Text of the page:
Liberia: House Commences Hearing to Impeach Supreme Court Member


Monrovia – Representatives Moses Acarous Gray (CDC-District #8 Montserrado County) and Thomas Fallah (CDC-District #5 Montserrado County) Tuesday, July 17, submitted to the plenary of the House of Representatives a Bill of Impeachment for Justice Kabineh Mohammed Ja’neh of the Supreme Court of Liberia.

Report by Henry Karmo, [email protected]

Following the reading of the Bill by the House’s Secretary, House Speaker Bhofal Chambers constituted an ad hoc committee to review the Impeachment Bill. He, however, didn’t place on the committee the House’s Judiciary Chairman, Rep. Cllr. J. Fonati Koffa.

The committee is tasked with the responsibility to look into the bill and advise Plenary on the necessary measures. Kanie Wesso co-chairman on the Judiciary Committee of (CDC-District #2 Gbapolu County) will chair the committee. Other members are Clarence Gahr, (CDC-District #5 Margibi County), Isaac Roland (CDC-District# 3 Maryland County), Dixon Seboe (CDC-District #16 Montserrado County) and Rustonlyn Dennis (LTP-District #4 Montserrado County).

The two petitioners are basing their petition on allegations of “proved misconduct, abuse of public office, wanton abuse of judicial discretion, frauds, misuse of power and corruption.”

Article 71 of the Liberia 1986 Constitution states that: “The Chief Justice and Associates Justices of the Supreme Court and the judges of subordinate courts of record shall hold office during good behaviour. They may be removed upon impeachment and conviction by the Legislature based on proved misconduct, gross breach of duty, inability to perform the functions of their office, or conviction in a court of law for treason, bribery or other infamous crimes.”

Making their case for Justice Ja’neh’s impeachment, the petitioners are claiming that, sometime ago, Mr. Austin Clarke, a private Liberian citizen and businessman (now deceased) took a loan from ECOBANK Liberia Limited and records available to the Civil Law Court show that Mr. Clarke paid his loan portfolio and was no longer indebted to the bank. However, due to poor records keeping on the part of the ECOBANK, Mr. Clarke was arrested and treated like a common criminal and then taken to court. But after presenting a number of documents in the form of evidence, it was established that Mr. Clarke was no longer indebted to the ECOBANK and was therefore released.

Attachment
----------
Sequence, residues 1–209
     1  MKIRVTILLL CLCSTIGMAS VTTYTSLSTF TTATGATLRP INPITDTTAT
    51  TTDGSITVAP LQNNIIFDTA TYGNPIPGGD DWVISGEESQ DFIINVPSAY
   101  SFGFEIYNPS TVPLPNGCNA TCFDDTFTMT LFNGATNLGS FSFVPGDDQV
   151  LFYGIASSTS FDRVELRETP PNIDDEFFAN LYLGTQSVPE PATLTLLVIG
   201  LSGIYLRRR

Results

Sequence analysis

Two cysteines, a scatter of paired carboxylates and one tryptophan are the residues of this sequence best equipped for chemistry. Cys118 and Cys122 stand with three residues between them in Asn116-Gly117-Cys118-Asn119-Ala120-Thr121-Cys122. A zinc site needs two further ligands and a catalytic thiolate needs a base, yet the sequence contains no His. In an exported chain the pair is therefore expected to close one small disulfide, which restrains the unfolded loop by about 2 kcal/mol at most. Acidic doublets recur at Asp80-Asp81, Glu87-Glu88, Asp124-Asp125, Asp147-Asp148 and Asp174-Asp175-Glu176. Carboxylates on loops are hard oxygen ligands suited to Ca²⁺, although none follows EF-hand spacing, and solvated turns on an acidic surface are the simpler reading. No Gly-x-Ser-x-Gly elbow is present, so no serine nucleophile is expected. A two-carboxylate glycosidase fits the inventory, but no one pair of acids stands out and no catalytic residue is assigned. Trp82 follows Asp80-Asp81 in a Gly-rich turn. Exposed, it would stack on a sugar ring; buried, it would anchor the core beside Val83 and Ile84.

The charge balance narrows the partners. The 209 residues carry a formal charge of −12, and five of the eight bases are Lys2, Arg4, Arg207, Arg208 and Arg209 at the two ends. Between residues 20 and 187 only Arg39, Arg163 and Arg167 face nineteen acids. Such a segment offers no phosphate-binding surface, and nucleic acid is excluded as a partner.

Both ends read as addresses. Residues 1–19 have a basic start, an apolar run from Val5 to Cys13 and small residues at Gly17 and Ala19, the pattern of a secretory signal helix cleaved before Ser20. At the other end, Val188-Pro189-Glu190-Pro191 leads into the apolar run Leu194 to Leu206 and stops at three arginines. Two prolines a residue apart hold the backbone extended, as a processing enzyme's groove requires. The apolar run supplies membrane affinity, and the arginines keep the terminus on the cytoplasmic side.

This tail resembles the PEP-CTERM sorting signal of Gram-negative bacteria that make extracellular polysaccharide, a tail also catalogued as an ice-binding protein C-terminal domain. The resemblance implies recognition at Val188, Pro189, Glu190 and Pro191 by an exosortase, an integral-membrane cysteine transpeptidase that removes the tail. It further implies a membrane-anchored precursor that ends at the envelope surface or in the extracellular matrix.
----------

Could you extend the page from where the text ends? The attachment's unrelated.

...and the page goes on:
According to the two petitioners, Mr. Clarke not being satisfied with the way he was treated filed an action of damages lawsuit against ECOBANK Liberia for defamation, claiming over US$1m.

“The court records show that a trial jury was empanelled and a full trial was conducted, and at the end of the trial, the jury returns a verdict in favor of Mr. Austin Clarke in the amount of US$1m in damages.

“However, the lawyers for ECOBANK as required by law, excepted to the jury verdict, and thereafter filed a motion for new trial, the motion was assigned, argued and thereafter denied,” the two lawmakers said in their petition.

The records also showed that following the denial of the motion, His Honour, J. Boima Kontoe confirmed the jury verdict and rendered his final judgment in favor of Mr. Clarke, awarding him over US$1m, and to this final judgment ECOBANK lawyers excepted and announced an appeal to the Honourable Supreme Court of Liberia.

Both lawmakers said blamed Justice Ja’neh for tampering with the case when he served as Justice in Chamber when the appeal was brought before him.

According to them, the Supreme Court’s Associate Justice allegedly hijacked the administration of justice for his own personal gains and prevented the parties from even initiating discussions or from having a negotiated settlement, and therefore his conduct reduced the integrity of the Supreme Court to the whims and caprices of the defendant which is a  ‘proved misconduct, gross breach of duty, inability to perform the functions of  his office’  by allowing justice to be served where it belongs no matter the status of the party affected.

In another of their 18-count petition to their colleagues, the Montserrado County lawmakers accused Justice Ja’neh by using his powerful position to abuse the rights of one Madam Yancy over her property.

According to them, Associate Justice Ja’neh had “become both a player and a referee in a land dispute in which no lawyer dare take on him because he is an Associate Justice of the Supreme Court of Liberia and enjoys the luxurious trappings associated with such office and is hiding behind his office and status to sport with the rights of innocent Liberians.”

Having laid their charges against Justice Ja’neh, they then beseeched their fellow lawmakers to “order an immediate investigation into the activities stated inter alia  of  Justice Kabineh M. Ja’neh  consistent with the evidence provided, cause a full hearing of the matter to afford him due process and thereafter seek the appropriate motion, and order the casting of the necessary votes to have Justice Ja’neh duly  ousted, ejected and impeached as in keeping with the rules and procedures of impeachment.”

Reps. Gray and Fallah further implored their friends to make the entire transaction regarding the acquisition of Madam Yancy’s property be declared null and void as if it has never happened before.

Further among actions they want taken against Justice Ja’neh and his action, the two lawmakers from the ruling Coalition for Democratic Change (CDC) urged the House’s Plenary to “communicate with the full bench of the Honourable Supreme Court of Liberia to issue the appropriate orders consistent with its finality powers under Article 65 of the 1986 Constitution by ensuring that the Court below carry out its orders based on the judgment rendered in the case against ECOBANK.”